Morocco's Mawazine festival stirs controversy


RABAT, Morocco — Shakira sang and swiveled her hips, Kanye West rapped, Joe Cocker growled and thousands of Moroccan fans cheered.

Morocco's 10th annual Mawazine festival attracted an estimated two million fans during nine days at the end of May.

But some believe the festival was an effort by the Moroccan government to distract young people from political demonstrations.

When protesters took to the streets in Morocco, they marched against corruption, autocracy and demanded more personal freedoms. They also protested against the Mawazine festival, charging that it cost millions of dollars. 

“In Morocco, the Ministry of Culture has the lowest budget yet millions are spent on Mawazine,” said Mehdi Touhami, 29, an activist from Rabat. “We organized a sit-in in April to voice our concern. We were brutalized by the authorities and forced to disperse.”

What many call “the king’s festival” has been highly criticized in the midst of Morocco's political turmoil for its colossal budget and for being under the direction of Mounir Al Majidi, the king’s private secretary who also manages his wealth. Majidi runs the association, Maroc Cultures, which organizes Mawazine and he is considered by some as a major obstacle to democracy because of his control over the economy and for his business deals. The festival was once relatively modest before it was taken over by Majidi in 2005, when it became the biggest cultural event in the history of the country.

“Mawazine is a private venture that has nothing to do with the Ministry of Culture,” said Ismail Haraka who until last March was a counselor at the Ministry of Culture. “Morocco may need entertainment but there are too many festivals. We need to put quality over quantity.”

He asserts that there is a need to develop other culture-related ventures.

Some argue that Morocco needs to prioritize its spending and fix urgent issues related to education, health and human rights.

“The real question is that at a time when Morocco is facing all sorts of very serious political and social issues, how does Mawazine contribute to solving these problems?” asks Jaouad Iraqi who leads the Al Massar association that promotes cultural development. “This event takes the biggest share of money available and leaves other events struggling to even exist.”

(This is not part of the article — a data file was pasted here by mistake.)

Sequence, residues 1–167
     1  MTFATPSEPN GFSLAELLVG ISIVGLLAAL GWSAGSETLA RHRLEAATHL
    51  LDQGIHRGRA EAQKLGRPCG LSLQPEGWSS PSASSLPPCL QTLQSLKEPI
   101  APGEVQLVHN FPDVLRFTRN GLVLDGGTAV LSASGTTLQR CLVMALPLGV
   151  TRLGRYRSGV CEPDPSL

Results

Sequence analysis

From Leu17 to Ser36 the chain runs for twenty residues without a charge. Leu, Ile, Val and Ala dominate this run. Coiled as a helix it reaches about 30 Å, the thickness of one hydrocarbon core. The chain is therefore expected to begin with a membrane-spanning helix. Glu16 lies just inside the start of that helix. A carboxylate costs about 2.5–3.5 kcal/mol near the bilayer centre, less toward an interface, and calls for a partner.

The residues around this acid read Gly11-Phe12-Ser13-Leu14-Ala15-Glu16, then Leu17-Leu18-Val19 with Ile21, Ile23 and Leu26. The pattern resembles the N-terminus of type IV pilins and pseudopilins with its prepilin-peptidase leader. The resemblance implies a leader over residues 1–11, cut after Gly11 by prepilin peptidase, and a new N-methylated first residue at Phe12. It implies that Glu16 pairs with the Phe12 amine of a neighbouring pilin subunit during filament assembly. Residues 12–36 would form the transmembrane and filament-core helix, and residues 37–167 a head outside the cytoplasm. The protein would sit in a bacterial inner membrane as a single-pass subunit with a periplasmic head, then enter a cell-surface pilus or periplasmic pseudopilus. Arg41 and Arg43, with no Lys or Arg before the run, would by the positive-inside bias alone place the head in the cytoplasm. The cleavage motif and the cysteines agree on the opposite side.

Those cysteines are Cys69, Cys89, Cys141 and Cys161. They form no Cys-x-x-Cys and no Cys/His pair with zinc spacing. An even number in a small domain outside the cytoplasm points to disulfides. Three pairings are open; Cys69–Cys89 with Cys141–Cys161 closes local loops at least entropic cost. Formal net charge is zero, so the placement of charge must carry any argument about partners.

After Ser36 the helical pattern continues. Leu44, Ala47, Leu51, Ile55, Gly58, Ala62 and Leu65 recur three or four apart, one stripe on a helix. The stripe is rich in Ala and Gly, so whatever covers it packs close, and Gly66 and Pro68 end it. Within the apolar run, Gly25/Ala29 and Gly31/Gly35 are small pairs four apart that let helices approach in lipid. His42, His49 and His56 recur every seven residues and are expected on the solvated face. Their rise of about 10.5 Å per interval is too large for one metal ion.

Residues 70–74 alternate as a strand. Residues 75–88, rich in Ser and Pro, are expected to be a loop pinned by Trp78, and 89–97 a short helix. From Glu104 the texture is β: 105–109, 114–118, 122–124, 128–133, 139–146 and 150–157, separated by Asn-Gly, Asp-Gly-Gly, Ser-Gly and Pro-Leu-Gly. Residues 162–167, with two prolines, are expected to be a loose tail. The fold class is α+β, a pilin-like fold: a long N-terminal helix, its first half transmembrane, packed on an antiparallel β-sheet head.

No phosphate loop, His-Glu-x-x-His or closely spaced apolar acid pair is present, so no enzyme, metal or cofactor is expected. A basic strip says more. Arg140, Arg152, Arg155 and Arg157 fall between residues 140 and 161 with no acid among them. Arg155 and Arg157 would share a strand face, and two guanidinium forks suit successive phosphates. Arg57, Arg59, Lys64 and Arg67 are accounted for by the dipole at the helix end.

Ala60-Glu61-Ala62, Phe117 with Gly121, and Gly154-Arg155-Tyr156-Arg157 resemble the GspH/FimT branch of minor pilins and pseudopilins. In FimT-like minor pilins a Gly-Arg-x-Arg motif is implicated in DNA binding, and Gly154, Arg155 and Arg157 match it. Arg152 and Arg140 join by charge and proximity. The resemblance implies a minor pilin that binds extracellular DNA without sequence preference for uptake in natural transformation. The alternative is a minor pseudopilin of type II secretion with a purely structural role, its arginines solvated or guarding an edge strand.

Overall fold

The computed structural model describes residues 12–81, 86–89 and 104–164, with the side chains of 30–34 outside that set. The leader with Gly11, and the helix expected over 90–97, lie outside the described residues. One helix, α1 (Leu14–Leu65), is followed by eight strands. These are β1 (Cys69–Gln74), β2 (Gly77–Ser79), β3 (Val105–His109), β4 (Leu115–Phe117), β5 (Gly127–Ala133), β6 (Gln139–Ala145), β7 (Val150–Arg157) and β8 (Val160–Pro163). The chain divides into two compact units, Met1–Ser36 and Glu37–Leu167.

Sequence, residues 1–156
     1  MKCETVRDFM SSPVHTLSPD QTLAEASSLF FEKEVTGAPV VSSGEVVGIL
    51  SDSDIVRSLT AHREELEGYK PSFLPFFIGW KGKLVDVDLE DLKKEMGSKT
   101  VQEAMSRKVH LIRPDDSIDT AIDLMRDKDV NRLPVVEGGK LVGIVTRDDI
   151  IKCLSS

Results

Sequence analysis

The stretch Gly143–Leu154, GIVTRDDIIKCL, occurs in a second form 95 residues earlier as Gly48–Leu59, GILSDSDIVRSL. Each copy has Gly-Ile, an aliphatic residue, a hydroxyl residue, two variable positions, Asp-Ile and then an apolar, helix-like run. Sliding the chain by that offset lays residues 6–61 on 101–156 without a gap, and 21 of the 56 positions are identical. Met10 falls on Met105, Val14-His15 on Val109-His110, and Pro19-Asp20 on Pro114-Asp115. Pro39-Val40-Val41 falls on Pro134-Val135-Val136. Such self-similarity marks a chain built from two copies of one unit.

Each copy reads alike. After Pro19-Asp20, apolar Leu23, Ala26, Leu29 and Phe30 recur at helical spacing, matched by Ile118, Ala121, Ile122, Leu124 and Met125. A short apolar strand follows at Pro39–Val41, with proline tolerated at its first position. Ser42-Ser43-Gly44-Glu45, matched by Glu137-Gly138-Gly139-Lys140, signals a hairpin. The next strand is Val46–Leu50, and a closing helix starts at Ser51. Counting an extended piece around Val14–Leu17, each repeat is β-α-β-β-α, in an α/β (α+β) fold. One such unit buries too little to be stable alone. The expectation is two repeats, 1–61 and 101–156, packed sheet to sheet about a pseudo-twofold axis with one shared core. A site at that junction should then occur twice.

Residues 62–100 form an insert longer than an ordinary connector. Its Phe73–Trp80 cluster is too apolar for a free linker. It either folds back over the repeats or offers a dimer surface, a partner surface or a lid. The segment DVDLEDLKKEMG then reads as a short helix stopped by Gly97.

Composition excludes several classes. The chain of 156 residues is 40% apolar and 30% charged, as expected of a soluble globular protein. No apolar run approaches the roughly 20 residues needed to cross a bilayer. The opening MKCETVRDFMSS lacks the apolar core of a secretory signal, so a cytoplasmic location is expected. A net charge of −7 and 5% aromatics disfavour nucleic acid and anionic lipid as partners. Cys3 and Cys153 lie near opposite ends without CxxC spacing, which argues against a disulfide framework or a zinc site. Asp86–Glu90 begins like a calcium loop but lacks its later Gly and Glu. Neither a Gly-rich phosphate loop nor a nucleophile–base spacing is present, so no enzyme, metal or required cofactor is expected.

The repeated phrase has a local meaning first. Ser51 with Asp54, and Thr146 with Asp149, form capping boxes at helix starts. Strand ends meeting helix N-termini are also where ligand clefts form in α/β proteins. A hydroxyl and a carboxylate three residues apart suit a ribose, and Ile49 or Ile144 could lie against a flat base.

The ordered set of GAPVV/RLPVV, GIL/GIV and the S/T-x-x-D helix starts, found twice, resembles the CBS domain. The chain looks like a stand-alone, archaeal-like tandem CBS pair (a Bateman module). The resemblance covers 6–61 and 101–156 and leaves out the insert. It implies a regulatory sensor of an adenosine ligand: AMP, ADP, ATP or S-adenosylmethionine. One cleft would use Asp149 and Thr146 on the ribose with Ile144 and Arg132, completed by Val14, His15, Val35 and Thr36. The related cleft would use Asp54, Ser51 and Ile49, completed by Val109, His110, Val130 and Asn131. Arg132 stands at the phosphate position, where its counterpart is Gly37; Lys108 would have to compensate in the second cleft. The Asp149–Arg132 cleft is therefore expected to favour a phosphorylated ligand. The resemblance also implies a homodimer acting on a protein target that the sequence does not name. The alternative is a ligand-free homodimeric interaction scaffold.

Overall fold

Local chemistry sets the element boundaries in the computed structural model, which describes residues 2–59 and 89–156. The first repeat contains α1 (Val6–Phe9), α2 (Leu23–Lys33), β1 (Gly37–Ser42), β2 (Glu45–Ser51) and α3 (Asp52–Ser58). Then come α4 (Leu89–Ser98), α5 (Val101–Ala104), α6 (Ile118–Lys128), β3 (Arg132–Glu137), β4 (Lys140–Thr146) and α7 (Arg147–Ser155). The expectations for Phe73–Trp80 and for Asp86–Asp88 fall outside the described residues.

The February 20 Youth, a movement urging democratic reforms that was started after the Tunisian revolution, issued a letter asking artists to reconsider performing at Mawazine.

“We agreed to participate in Mawazine before the wave of protests,” said the politically engaged Moroccan rock group Hoba Hoba Spirit in a statement responding to criticism from some of their fans. “We are not asking for the cancellation of the festival but we are demanding a change in its philosophy. This festival should serve the interests of citizens.”

Supporters of the festival believe that it provides a positive image of Morocco while offering the population much-needed entertainment. But critics charge that it is merely a diversion.

“There is a deliberate attempt to keep the youth busy and distract them from politics,” said Ahmed Benseddik, a political activist from Casablanca. “The government wants to give the illusion that the country is modern and going through democratic change while maintaining a repressive political system.”

Many questions remain unanswered over the real cost of the event. No official figures are available. Maroc Cultures refuses to divulge the fees paid to artists, and many speculate that they are very high.

This year the featured foreign performers included the Colombian superstar Shakira, Lionel Richie, Kanye West, Quincy Jones, Joe Cocker and Yusuf Islam (formerly Cat Stevens).

MTV and HBO were among the international media invited — all-expenses-paid — to cover the event. Despite some ambitious plans to showcase the artists in video stories, some culture reporters complained that because of poor organization they failed to get interviews with the artists and they had little material to use.

The financial aspect of the festival is raising a lot of questions and people are asking for more accountability. Some charge that the sponsors, including many state-managed companies, may have been coerced into donating big bucks.

Former Abu Dhabi National Energy Co. Chief Executive Officer Peter Barker-Homek sued the state-owned energy firm Taqa — also a sponsor of Mawazine — in a U.S. court. In the complaint, Barker-Homek stated that he “refused to bribe officials in Morocco in order to obtain the rights to build a power plant there” and he mentions having to donate $5 million for at least five years to an unnamed music festival in Morocco.

Despite all the controversy, the dozens of concerts on nine different stages attracted thousands of people — 200, 000 for Shakira alone and more than 2 million in total, according to the organization. Except for a small area in front of the stages laid out for the VIPs and guests of the festival, Moroccans enjoyed the concerts for free.

And political or not, those who went, said they had fun.

“I am just really excited to see artists I love who never come to Morocco,” said a teenage girl who said she traveled from Marrakesh to see Kanye West. “I am happy that Mawazine contributes to a good image of Morocco abroad."

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